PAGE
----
“The mechanical engineer is local to the terminal and is extremely knowledgeable in every aspect of the maintenance and repair of the unit. He will always answer any questions that we may have and assists us if in the area. The electrical engineer is also very well-versed with the onboard electrical systems and, as with the mechanical engineer, will always respond in a timely manner if we encounter a problem. The support of these two Siwertell representatives has been excellent.”
Standing the test of time
The terminal today is basically the same as it was upon commissioning, but now has a revised truck-loading system and the addition of six lump crushers – one at the discharge point of each of the storage silos, which have capacities up to 100,000 metric tons in total.
For transferring the cement to the jetty belt conveyor, the Siwertell delivery included a movable transfer trolley. The fully-enclosed trolley is connected to the feeding conveyor and moved along the shore conveyor by the ship unloader. It is equipped with a set of wheels travelling on a rail profile attached to the shore conveyor.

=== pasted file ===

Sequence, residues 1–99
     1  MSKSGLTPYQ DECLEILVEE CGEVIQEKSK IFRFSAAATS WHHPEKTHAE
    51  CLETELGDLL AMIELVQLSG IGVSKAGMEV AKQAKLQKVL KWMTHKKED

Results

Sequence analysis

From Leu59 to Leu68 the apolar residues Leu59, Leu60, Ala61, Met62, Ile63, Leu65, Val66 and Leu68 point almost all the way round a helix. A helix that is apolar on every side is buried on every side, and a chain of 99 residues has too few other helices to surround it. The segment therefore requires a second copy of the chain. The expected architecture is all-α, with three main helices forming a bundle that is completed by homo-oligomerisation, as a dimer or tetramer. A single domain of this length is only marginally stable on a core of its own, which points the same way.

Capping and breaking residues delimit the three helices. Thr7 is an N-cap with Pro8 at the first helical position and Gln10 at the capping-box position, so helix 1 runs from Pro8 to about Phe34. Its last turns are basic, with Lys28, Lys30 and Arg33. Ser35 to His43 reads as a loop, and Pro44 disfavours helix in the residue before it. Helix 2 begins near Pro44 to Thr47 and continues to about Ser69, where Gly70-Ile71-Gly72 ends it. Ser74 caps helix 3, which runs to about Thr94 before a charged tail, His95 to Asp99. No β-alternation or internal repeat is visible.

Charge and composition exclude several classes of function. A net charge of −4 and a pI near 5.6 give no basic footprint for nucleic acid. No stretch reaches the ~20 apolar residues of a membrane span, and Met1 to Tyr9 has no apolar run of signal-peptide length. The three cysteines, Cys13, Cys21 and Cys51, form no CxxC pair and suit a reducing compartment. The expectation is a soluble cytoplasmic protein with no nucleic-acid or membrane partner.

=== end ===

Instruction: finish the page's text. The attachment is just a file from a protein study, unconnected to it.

A dust collector is built onto the trolley, ensuring the transfer takes place under negative pressure to prevent emissions from escaping the system. “This arrangement is unmatched by any other technology currently on the market and is the only way to achieve high ship unloading efficiency while maintaining environmental safety. The movable transfer trolley design includes versions for screw or belt conveyor receiving systems,” Mr Göransson notes.
And for the future?
According to the US Geological Survey (USGS), shipments of Portland and blended cement experienced a 2.4 percent year-on-year growth rate to reach 95.5 million metric tons in 2017, up from 93.3 million metric tons in 2016. Increases of over five percent were seen in Arizona and New Mexico, Kansas, Missouri, Texas and Washington.
Houston Cement is also noticing this pick-up in the market, which is why it took the decision in 2018 to add a fourth truck-loading point to increase capacity in this area. “The limiting factor for the terminal was how many trucks could be loaded, not how fast it could unload a vessel.
“We are confident that the ship unloader is more than capable to handle future increases,” said Mr Gatens. “If we were considering a similar new terminal today, probably the most significant change would be the addition of more truck loading bays. We have discovered that it is much easier and faster to put the cement in than to get it out. Also, seeing as the cement can be moved well at the 1,500t/h speed, we could possibly consider going to an even higher unloading rate.”